Water Cooling Is Recommended For 4.0 GHz, Continued
Throttling back causes processor performance to fall off. At 4 GHz, power consumption also increases by a few watts, so that when compared to its original power consumption level of about 80 W, it must now deal with 195 W at maximum load.
|Pentium D 805||Zalman Cooler|
|Clock Rate||100% Utilization||Idle Mode|
|4.10 GHz||crash||52 °C|
|4.00 GHz||80 °C||49 °C|
|3.80 GHz||76 °C||47 °C|
|3.60 GHz||74 °C||46 °C|
|3.32 GHz||71 °C||46 °C|
|2.66 GHz||64 °C||44 °C|
It was clear that air cooling solutions were no longer sufficient to let the system function at 4 GHz in all situations, so we switched to a water-cooled solution for this CPU. It worked!
Water cooling let the system transfer heat away from the CPU and keep working at top speed.
At a 200 MHz FSB clock rate, we can use the complete memory bandwidth for DDR2-667. Likewise, DDR2-800 now appears as a usable selection in the BIOS.
With memory speeds of up to DDR2-800, we can exploit 4 GHz CPU performance to its fullest potential.
We ran through our benchmarks with both DDR2-667 and DDR2-800 memory configurations.
At a setting of 1.5625 V for core voltage, the CPU we purchased at a retail outlet ran trouble-free.
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I am quite interested in your post regarding the D 805. Considering that it is now available for around $60.00 (03/20/09), it still sounds like a steal. We just upgraded our Adobe CS2 software to the new CS4 Master Suite, which caused the need for a graphics card upgrade. We have an nVidia GeForce GTX 260, but haven't installed it because our computer is a HP Media Center PCm7350n computers each with a 2.8 GHz CPU on a ASUS P5LP-LE mobo. Your article seemed to imply that there is software available that might adjust the clock from inside windows and we are wondering if it can on that mobo or if we will have to get a different mobo. If so, we are wondering what might be our most cost effective but stable options. We are certainly going to need a new power supply for the GTX 260, which requires 525 Watts. We are looking at just putting in PC Power & Cooling’s, Silencer 610 EPS12V power supplyand letting it go at that, but we are also thinking about upgrading the CPU and mobo if necessary.Reply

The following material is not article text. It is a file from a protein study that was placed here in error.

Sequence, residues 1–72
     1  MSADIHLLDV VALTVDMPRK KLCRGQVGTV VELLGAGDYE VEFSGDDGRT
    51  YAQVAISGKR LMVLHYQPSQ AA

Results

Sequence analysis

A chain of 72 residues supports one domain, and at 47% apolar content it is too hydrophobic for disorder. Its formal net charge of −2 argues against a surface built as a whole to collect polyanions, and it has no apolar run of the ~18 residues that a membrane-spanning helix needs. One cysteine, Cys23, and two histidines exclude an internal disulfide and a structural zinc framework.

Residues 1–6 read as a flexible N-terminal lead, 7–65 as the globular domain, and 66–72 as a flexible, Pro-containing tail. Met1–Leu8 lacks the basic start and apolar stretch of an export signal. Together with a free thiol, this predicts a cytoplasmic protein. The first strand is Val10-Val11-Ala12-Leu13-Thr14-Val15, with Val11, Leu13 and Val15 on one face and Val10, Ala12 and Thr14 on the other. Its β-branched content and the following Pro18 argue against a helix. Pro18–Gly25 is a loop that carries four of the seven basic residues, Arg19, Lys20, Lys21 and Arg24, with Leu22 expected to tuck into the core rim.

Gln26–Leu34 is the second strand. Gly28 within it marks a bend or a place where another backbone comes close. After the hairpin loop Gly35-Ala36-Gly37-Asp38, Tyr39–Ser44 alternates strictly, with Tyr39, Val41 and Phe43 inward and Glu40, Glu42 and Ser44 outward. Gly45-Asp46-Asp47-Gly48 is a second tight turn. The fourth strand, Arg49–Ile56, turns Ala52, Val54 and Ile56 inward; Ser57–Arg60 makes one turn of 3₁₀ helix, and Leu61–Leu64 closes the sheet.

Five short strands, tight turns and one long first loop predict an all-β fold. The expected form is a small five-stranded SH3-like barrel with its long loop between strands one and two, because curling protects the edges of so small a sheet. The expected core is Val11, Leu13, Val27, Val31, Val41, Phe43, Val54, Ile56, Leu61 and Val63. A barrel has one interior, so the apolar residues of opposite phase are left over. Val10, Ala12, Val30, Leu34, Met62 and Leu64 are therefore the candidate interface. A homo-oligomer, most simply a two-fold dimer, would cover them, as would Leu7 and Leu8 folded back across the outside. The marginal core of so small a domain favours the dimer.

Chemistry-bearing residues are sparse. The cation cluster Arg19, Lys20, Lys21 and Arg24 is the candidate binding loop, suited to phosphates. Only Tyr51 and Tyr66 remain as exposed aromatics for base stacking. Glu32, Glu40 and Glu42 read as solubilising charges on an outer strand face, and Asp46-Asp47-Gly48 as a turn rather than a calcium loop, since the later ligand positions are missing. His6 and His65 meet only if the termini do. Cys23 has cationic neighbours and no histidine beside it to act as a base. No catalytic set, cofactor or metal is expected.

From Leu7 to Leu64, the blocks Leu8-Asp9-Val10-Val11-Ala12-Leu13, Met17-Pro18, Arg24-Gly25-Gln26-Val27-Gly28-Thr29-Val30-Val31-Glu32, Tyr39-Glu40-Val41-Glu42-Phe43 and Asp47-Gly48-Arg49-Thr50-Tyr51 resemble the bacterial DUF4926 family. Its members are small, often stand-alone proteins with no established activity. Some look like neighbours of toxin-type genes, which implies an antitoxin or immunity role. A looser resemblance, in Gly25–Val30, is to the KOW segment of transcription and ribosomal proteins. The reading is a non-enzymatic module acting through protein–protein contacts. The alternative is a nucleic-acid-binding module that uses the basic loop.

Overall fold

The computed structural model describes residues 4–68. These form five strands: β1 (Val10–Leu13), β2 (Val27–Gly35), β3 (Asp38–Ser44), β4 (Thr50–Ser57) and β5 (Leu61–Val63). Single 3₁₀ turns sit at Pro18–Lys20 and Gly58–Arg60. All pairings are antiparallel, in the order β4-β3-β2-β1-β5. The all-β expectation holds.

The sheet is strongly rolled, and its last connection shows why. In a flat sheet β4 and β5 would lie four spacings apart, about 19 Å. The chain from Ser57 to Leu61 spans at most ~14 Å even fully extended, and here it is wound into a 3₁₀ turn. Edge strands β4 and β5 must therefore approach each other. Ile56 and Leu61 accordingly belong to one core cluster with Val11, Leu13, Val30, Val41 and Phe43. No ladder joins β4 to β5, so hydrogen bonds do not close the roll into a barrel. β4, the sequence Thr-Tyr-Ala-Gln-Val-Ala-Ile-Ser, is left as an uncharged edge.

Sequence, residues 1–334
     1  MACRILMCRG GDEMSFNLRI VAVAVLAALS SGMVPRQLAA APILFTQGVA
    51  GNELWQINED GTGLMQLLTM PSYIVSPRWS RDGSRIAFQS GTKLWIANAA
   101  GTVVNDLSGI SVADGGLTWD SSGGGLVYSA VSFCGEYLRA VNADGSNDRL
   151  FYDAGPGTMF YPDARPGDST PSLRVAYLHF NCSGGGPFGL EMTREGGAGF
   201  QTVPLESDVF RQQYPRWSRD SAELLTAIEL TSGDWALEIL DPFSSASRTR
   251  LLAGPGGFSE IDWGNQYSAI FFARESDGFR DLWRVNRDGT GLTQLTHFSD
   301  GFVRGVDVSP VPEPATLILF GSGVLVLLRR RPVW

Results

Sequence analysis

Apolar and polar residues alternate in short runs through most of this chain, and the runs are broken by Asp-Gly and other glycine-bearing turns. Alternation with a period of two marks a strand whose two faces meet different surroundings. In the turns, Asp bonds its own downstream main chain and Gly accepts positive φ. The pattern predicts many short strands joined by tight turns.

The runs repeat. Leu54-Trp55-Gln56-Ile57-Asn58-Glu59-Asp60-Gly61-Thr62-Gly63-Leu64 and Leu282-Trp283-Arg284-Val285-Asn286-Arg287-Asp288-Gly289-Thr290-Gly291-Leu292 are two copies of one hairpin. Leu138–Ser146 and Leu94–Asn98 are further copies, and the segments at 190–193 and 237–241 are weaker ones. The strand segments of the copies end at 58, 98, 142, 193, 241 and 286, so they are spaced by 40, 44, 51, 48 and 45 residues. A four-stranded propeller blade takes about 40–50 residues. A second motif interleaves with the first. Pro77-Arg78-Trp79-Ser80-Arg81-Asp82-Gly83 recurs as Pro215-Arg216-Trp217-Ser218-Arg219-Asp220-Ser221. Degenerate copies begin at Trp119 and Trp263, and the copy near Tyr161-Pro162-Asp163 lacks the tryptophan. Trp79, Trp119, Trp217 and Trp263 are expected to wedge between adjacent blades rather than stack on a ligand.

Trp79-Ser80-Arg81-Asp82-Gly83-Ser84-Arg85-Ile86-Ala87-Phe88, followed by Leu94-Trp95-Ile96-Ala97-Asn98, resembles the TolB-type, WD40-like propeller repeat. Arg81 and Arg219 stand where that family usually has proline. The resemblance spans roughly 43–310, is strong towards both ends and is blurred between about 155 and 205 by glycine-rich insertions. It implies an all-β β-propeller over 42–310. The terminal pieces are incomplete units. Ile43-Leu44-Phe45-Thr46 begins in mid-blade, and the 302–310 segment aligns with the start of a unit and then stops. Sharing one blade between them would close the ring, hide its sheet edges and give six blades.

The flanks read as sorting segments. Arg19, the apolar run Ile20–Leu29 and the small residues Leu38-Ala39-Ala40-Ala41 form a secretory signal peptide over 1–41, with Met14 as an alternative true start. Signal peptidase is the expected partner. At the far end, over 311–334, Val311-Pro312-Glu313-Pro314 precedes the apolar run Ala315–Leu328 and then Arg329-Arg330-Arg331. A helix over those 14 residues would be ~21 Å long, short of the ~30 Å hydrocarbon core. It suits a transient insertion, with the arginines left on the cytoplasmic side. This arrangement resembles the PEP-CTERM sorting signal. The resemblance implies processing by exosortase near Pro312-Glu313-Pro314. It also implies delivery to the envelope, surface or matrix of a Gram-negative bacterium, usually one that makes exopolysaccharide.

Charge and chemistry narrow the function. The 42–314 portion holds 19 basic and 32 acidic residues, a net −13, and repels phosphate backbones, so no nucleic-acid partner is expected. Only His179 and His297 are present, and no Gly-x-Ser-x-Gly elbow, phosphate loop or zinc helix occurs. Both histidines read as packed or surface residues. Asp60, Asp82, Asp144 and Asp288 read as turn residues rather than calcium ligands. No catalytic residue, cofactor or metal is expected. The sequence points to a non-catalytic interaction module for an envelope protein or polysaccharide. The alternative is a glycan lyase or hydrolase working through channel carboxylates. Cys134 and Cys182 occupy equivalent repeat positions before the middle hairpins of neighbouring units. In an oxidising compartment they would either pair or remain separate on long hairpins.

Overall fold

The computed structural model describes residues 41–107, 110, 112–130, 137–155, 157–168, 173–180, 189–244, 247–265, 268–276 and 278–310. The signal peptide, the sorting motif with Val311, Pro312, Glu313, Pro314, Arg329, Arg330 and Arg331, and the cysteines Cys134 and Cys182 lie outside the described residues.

Of course, we would like to keep the cost down as much as possible.
We have no idea where the best bang for the buck will be. For us a stable system is more important than blazing speed. Thus, the HP's worked fine for what we originally got them for; it’s just that our graphics and video production software are forcing upgrades in speed and power.
The D850 chip sounds incredible and the power supply we already have to get will handle overclocking that chip. It even sounds like that chip will work in the existing mobo if we can find a way to change the clock speed from inside windows instead of from the BIOS. HP BIOS does not allow adjusting the clock speed in the BIOS but can't BIOS just be changed as well; isn't it just an EPROM?
Anyway, even if we opt for changing out the mobo for another case compatible Asus mobo, we still have to answer the question of which board and chip combination will give us the most stable service for the least cost.
Any ideas that might help us plan the most appropriate upgrade and the least cost?
TniasAny ideas that might help us plan the most appropriate upgrade and the least cost?Reply
With the price of components that you need to make this run stable, and the amount of electricity that this would use, a cheap Core 2 and motherboard and DDR2 memory would cost you less in the long run.
Intel Pentium Dual Core E5200
Kingston DDR2 2x2GB 800MHz
This should cost less than $200.
4 year old thread!Reply
11206355 said:4 year old thread!
no hate pl0x